Swimming against a strong tide: the brilliance of the 2004 Democratic presidential campaign

Democratic brilliance of strategy and its execution

In many ways the Democratic campaign was a tour de force. In a country that had been trending red, as we have written, for over a decade, Bob Shrum, Mary Beth Cahill, and their associates developed and executed an almost successful game plan; consider this, from a piece by Michael Barone:

Kerry’s paid-worker, union-led turnout drives in central cities…..his vote was up 21 percent over Gore’s in the battlegrounds.

That would have been the headline — if Rove’s GOTV efforts had not increased the Bush vote by 23% in those same states. It would have been a victory for Kerry in Ohio and Florida, and the liklely replay of 2000, to blue’s advantage. Kerry managed to keep the both his pro and anti war factions together — while this is now reported as confusion and dissension in the ranks of advisers, that was only the fallout among the thinkers. It was the voters who mattered, and Kerry kept tham all in the boat. Likewise, Republicans may complain about Democrat GOTV efforts that brought out, not only the lame and the halt, but the convicted, the foreign and the fictional — but those efforts were highly effective. John Kerry’s popular vote total was 12% above Al Gore’s, an outstanding showing, particularly against a tide that was sweeping 5 new GOP senators into office.

Swimming against a strong tide of a decade of Republican growth

Here’s more of Barone, via Polipundit, because we love numbers:

With the absentee votes in California and Washington finally counted, it appears that overall turnout was up 12 percent. John Kerry’s popular vote was also 12 percent above Al Gore’s. But the popular vote for Bush was up a stunning 20 percent. Before the election, some liberal commentators were claiming that Bush would win no votes he hadn’t won in 2000. Not quite: He won 10 million more.

Bush’s popular vote was up 23 percent in the 13 battleground states that decided the election. Kerry’s paid-worker, union-led turnout drives in central cities nearly matched that–his vote was up 21 percent over Gore’s in the battlegrounds. But that wasn’t enough to outdo the Bush volunteer efforts in the make-or-break states of Florida and Ohio. Elsewhere Bush had a bigger edge. His popular vote was up 21 percent in safe Bush states and 16 percent in safe Kerry states, compared with 12 and 5 percent for Kerry. The Bush organization literally reshaped the electorate. The 2000 exit poll showed an electorate that was 39 percent Democratic and 35 percent Republican. The 2004 exit poll, which was tilted toward Democrats, found a dead heat: 37 percent to 37 percent. That means that Republican turnout was up 19 percent and Democratic turnout up only 7 percent. This is the most Republican electorate America has had since random-sample polling was invented.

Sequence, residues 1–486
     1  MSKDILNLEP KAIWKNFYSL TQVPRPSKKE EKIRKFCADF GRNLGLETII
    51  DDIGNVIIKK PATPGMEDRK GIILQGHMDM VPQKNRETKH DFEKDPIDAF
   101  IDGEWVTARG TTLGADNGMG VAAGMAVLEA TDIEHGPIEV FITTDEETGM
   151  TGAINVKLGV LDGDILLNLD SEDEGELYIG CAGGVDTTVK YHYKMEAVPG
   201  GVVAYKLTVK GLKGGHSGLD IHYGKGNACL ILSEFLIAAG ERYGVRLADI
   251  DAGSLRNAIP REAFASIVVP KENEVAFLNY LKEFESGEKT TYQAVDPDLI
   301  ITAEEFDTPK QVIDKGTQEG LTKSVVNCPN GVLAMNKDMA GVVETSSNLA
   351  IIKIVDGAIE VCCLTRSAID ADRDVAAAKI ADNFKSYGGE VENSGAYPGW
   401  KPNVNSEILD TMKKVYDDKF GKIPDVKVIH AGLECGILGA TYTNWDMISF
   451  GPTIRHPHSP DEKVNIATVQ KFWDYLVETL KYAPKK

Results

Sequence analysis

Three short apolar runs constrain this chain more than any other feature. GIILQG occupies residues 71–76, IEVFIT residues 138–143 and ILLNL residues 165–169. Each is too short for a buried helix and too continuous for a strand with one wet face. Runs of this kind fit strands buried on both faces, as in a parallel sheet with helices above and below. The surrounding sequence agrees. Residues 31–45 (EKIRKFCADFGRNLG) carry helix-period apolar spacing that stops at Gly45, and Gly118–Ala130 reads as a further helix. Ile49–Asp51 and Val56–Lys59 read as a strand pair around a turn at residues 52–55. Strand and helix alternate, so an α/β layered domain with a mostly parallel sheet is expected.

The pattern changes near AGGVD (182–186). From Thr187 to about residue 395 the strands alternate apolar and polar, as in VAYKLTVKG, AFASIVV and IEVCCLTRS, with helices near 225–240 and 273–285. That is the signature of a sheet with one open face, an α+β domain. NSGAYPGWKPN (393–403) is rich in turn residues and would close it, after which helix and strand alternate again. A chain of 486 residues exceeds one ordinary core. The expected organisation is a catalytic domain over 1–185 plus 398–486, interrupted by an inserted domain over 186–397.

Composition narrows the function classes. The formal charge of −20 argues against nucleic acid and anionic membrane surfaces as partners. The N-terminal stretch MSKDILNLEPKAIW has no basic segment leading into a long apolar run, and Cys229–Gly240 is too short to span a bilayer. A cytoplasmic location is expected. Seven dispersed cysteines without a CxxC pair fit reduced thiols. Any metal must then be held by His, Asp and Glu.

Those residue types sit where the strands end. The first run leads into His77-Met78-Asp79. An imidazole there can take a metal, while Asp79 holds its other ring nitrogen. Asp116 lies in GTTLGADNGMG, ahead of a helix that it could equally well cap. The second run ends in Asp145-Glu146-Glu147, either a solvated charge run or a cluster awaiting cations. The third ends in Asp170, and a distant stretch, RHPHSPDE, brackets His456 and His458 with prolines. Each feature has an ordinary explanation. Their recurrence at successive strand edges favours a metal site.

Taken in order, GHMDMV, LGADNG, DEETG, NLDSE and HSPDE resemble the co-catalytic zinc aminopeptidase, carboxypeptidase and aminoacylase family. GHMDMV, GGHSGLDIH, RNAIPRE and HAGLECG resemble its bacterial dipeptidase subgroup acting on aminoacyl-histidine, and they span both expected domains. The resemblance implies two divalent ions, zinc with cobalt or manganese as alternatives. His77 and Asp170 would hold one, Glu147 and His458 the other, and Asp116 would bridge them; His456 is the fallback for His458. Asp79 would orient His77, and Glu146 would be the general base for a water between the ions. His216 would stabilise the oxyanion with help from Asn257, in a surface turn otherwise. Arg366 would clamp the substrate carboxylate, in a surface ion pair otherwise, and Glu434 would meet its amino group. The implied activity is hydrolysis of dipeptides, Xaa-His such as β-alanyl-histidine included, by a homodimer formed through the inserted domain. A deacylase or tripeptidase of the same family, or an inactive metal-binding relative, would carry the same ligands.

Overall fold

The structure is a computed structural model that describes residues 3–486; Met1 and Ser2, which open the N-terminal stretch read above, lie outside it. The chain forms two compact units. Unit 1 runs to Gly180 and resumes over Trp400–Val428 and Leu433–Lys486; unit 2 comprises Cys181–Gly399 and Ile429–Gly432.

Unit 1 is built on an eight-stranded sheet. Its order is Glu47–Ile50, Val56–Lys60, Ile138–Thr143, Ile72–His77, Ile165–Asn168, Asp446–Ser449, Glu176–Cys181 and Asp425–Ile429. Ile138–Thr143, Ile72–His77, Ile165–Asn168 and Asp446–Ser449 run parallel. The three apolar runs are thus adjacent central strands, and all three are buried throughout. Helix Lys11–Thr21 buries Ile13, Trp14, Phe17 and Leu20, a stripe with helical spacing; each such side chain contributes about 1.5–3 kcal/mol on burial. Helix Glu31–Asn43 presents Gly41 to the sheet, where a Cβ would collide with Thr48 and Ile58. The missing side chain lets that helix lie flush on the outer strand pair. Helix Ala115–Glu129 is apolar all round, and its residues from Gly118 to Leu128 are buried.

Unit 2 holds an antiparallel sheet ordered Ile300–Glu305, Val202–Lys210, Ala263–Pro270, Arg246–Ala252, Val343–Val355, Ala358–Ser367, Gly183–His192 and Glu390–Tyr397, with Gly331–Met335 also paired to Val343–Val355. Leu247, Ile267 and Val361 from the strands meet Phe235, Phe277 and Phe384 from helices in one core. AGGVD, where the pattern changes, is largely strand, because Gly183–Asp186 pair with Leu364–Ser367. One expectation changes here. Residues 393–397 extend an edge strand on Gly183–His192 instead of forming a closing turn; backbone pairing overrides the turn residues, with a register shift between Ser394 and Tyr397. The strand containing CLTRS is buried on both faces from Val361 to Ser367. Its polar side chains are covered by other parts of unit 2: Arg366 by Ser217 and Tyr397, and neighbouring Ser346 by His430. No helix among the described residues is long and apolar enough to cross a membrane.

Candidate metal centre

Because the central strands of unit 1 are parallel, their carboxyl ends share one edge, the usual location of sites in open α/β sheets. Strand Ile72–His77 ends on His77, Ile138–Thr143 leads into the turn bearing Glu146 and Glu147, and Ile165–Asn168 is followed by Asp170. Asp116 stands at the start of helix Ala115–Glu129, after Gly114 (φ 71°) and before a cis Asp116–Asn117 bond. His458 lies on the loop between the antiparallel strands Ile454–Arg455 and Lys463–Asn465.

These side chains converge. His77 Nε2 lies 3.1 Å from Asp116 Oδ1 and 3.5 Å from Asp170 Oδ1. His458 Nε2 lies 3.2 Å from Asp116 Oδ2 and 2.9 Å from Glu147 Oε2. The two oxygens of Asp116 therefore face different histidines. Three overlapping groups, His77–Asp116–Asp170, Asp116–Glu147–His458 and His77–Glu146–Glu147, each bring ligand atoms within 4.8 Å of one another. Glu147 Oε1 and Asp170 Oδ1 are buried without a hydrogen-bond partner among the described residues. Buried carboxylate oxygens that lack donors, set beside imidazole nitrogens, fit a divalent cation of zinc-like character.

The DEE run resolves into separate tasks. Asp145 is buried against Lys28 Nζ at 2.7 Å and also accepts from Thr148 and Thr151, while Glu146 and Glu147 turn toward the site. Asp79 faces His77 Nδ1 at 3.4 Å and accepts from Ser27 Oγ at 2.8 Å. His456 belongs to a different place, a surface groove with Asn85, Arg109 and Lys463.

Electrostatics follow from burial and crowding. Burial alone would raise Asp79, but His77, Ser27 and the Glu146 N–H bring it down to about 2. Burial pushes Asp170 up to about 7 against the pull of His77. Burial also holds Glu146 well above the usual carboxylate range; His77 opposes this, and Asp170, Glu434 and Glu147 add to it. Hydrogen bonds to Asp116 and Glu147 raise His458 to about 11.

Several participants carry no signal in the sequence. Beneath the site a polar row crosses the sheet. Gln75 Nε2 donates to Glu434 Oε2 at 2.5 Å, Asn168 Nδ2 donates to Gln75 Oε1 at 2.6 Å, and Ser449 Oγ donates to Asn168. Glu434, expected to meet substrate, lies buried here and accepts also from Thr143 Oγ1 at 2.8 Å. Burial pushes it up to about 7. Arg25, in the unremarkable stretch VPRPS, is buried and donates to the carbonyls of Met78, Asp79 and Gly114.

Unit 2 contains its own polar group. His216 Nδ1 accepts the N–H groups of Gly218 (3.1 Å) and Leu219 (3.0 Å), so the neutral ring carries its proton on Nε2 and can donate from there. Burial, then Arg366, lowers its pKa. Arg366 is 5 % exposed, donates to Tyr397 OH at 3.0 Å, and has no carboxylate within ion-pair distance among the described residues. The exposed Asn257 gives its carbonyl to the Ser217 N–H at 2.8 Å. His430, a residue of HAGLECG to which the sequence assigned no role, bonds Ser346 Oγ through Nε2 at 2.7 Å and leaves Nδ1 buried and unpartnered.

The state-by-state picture: advantage GOP

When the campaigns switched on the afterburners, Democrats turned out more, but Republicans turned out a lot more, which is also evidence of who’s growing and who’s shrinking. Or as Polipundit put it in a different post, based on this, the state-by-state numbers make clearer the GOP’s structural advantages:

1. There are 31 red states and just 19 blue states. 62 senators must answer to their red-state constituents.

2. Bush won at least 60 percent of the vote in 14 states. Kerry could only do that in 2 states, plus DC.

3. The red states have gotten much redder. For instance, Bush increased his margin in Alabama from 15 points in 2000 to 26 points in 2004. In Louisiana, from 8 to 15. In Tennessee, from 4 to 15. In West Virginia, from 6 to 13. In Arizona, from 6 to 11.

Conclusion: the almost amazing, merely brilliant, Kerry campaign strategy

Thus, in a country clearly continuing a decade-long trend of becoming more conservative and Republican, John Kerry would have won the presidency if his GOTV effort in Ohio would have been a little bit stronger than that of his opponent. That would have been an amazing accomplishment; as matters turned out, it was merely an outstanding strategy, brilliantly executed.

UPDATE: The bitterness of the Democrat loss in Ohio

Matt Bai in the NYT Magazine explains how the Democrats got blind-sided by the Republican GOTV effort, and so, while they were, for example, beating their internal guideline of a 150,000 vote margin by getting a 217,000 vote margin in Cuyahoga county, they were getting skunked downstate:

Republicans were able to mobilize a stunning turnout in areas where their support was more concentrated than it was in the past. Bush’s operatives did precisely what they told me seven months ago they would do in these communities: they tapped into a volunteer network using local party organizations, union rolls, gun clubs and churches. They backed it up with a blizzard of targeted appeals; according to the preliminary results of a survey done by the Center for the Study of Elections and Democracy at Brigham Young University, one representative home in Portage County, just outside Cleveland, received 11 pieces of mail from the Republican National Committee.

This effort wasn’t visible to Democrats because it was taking place on an entirely new terrain, in counties that Democrats had some vague notion of, but which they never expected could generate so many votes. The 10 Ohio counties with the highest turnout percentages, many of them small and growing, all went for Bush, and none of them had a turnout rate of less than 75 percent.

For Democrats, this new phenomenon on Election Day felt like some kind of horror movie, with conservative voters rising up out of the hills and condo communities in numbers the Kerry forces never knew existed.

This kind of thing helps explain the confidence of the Kerry forces and the severe letdown many of them now experience.

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